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Can a GTX 770 4GB w/ SLI utilize the 4GB of VRAM?

Last response: in Graphics & Displays
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April 7, 2014 2:21:51 PM

I just read a post saying a single GTX 770 could only utilize up to 2.2GB of VRAM has a max effective usage limit of 2.2GB because of the 256-Bit memory bus. So I have been looking at purchasing one of these to eventually use SLI. Can anyone confirm that this card will be able to effectively utilize more of that VRAM when it is in SLI? Otherwise there is no point for me to buy that card.

EDIT: Misquoted the original post
April 7, 2014 2:23:39 PM

It is wrong! It can utilize everything of it.
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April 7, 2014 2:29:23 PM

Sorry, I did not word that correctly. The correct wording is "the GTX 770's effective usage limit is 2.2GB". So my question is actually "will the GTX 770 4GB use the VRAM more efficiently in SLI?".
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April 7, 2014 2:39:43 PM

It will since you have two cards accessing the same 4GB. The statement above is still wrong though because the limit is not there.
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April 7, 2014 2:47:32 PM

I see. Well thank you for your clarification.
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April 7, 2014 2:50:26 PM

Could've been me that you saw, I just wrote something similar on another user's forum. If it was me, then well you know what I said. If not, well then yes I can tell you that the 256 bit memory bus on the GTX 770 unfortunately hurts the amount of VRAM the GTX 770 can utilize. If you already have a 770 4GB, it might be okay to run a SLI config, but otherwise I would not recommend it, I have a 770 2GB myself but it is not worth it for SLI. Instead of getting SLI, go for a 780 or 780 TI.
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April 7, 2014 2:54:37 PM

rolli59 said:
It will since you have two cards accessing the same 4GB. The statement above is still wrong though because the limit is not there.


I actually have to disagree with you. The 2GB 770 and 4GB 770 perform almost exactly the same, even at resolutions such as 2560x1440 and other high resolutions. This is because the GTX 770 is limited by the 256-bit memory bus that it is equipped with. Just take a look at this webpage: http://alienbabeltech.com/main/gtx-770-4gb-vs-2gb-teste...

I debated this myself when I bought my 770, but even in SLI conditions the 4GB isn't really used.
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April 7, 2014 2:59:18 PM

A 256 bit bus doesn't suffer from a portion of slow VRAM. A 256 bit bus needs 1, 2, or 4 GB of VRAM while a 384 bit bus needs .75, 1.5, or 3 GB of VRAM. anything else will have a slow (reduced bandwidth) portion of VRAM.
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April 7, 2014 3:02:35 PM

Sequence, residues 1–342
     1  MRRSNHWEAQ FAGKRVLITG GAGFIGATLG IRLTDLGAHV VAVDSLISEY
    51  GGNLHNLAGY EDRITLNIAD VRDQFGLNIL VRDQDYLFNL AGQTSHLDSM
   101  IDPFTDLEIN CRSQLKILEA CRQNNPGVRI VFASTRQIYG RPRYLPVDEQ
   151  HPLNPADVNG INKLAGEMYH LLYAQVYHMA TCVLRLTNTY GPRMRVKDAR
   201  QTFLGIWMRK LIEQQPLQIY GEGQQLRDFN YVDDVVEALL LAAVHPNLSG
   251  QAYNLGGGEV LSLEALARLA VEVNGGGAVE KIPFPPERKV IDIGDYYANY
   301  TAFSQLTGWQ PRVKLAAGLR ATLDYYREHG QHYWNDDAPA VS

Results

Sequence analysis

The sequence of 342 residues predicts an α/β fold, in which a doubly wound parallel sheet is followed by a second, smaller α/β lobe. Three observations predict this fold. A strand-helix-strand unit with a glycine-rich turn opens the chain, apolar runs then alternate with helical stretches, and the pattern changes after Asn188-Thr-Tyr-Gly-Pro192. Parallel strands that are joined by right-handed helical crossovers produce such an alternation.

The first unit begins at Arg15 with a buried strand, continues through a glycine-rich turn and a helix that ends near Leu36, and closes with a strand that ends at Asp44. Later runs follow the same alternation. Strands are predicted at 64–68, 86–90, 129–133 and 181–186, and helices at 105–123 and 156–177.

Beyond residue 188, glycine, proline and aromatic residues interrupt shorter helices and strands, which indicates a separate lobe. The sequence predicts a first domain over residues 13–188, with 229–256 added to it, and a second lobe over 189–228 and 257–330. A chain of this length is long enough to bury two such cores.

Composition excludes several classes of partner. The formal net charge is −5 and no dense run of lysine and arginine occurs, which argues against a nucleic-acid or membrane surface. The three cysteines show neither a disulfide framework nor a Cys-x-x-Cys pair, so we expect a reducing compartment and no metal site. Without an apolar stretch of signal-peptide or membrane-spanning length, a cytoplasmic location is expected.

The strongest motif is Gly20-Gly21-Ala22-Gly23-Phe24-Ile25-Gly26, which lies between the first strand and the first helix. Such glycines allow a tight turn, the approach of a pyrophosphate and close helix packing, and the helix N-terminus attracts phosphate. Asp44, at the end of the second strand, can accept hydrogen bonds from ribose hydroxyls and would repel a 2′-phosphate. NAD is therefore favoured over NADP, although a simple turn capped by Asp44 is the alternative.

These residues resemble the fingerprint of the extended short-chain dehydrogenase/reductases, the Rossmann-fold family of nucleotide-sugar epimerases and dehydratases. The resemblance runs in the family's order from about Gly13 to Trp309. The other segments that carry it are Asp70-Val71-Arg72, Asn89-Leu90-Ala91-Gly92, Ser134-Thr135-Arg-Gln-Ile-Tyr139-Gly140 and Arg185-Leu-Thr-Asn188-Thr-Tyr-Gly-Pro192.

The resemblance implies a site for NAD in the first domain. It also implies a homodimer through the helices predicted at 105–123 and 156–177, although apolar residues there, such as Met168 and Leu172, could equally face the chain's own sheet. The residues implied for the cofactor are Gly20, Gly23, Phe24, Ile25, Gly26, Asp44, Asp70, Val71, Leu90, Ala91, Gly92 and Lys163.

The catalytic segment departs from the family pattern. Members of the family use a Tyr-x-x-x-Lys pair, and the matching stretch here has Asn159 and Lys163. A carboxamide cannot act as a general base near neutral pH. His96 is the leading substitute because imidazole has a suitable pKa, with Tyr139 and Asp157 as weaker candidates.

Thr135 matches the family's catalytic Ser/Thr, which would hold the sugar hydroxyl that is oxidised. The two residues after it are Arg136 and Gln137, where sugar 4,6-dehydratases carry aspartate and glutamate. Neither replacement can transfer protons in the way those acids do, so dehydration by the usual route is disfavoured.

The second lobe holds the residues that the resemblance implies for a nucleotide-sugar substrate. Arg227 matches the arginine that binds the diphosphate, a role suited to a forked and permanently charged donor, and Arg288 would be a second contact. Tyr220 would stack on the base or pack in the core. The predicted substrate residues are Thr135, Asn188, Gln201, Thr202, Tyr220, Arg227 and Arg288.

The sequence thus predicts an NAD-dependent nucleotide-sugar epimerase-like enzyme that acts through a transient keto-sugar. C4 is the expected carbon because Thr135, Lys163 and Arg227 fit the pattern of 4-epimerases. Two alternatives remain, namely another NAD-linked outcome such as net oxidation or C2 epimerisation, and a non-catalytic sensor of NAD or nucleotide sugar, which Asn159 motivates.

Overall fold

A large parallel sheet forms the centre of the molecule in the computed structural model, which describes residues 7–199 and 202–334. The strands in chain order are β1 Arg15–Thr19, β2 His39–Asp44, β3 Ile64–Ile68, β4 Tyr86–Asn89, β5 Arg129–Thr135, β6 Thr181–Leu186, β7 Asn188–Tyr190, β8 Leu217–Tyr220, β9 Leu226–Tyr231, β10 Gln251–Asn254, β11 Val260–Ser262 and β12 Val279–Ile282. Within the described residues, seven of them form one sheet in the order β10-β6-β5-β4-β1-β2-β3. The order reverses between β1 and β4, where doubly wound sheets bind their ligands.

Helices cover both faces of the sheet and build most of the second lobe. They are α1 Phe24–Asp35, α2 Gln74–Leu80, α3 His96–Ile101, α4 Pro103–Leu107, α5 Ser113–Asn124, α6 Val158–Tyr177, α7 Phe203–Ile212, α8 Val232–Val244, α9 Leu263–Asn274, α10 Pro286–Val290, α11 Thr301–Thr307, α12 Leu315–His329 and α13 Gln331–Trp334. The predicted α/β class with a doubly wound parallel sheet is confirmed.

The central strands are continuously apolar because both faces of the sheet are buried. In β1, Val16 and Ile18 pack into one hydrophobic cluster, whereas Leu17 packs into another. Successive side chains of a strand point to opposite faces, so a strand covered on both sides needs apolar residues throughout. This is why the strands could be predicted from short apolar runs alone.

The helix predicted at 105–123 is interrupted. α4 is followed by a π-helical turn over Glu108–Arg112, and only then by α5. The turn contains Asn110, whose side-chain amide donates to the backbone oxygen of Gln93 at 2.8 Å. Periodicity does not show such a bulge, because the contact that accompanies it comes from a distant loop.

apcs13 said:


I debated this myself when I bought my 770, but even in SLI conditions the 4GB isn't really used.


How's that? Assuming VRAM works similar to ordinary RAM, it's not possible to say for sure unless we know how many address bits are there(32 will be needed for 4 GB).
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April 7, 2014 3:06:23 PM

@apcs13, yeah I think it might have been your post that I read. I didn't want to hijack the thread so decided to ask it here. And yes I was looking at getting the 770 4GB version so in a couple years I could SLI them and get a new monitor that will support > 1080p resolutions. Because I can't really justify the price jump for 2GB of RAM that won't really be used.

EDIT: Ok now I see some other posts that are saying the 256-bit bus will efficiently utilize 4GB of VRAM so maybe it is not a bad idea
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April 7, 2014 3:19:56 PM

TheGroobster said:
@apcs13, yeah I think it might have been your post that I read. I didn't want to hijack the thread so decided to ask it here. And yes I was looking at getting the 770 4GB version so in a couple years I could SLI them and get a new monitor that will support > 1080p resolutions. Because I can't really justify the price jump for 2GB of RAM that won't really be used.

EDIT: Ok now I see some other posts that are saying the 256-bit bus will efficiently utilize 4GB of VRAM so maybe it is not a bad idea


Every thread I have seen has shown the 4GB option either being 1 frame per second better than the 2GB at best, or the same performance for a lot more money. Just look at the included bench-marking website I included, heck, google one to find another yourself. You can clearly see that even at low, medium, high, and very high resolutions, the performance of the 4GB 770 is never more than 2FPS better than the 2GB card. If you think spending $40-$100 for an extra 2FPS at best is worth it, then by all means, go ahead and purchase the 4GB model. I think that you would be much better of getting a 780 or 780 Ti now and not spending more on another 770 later, so you have more effective memory to use. The 780 is a decent deal better than the 770 and the 780 Ti even more so.
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April 7, 2014 3:21:11 PM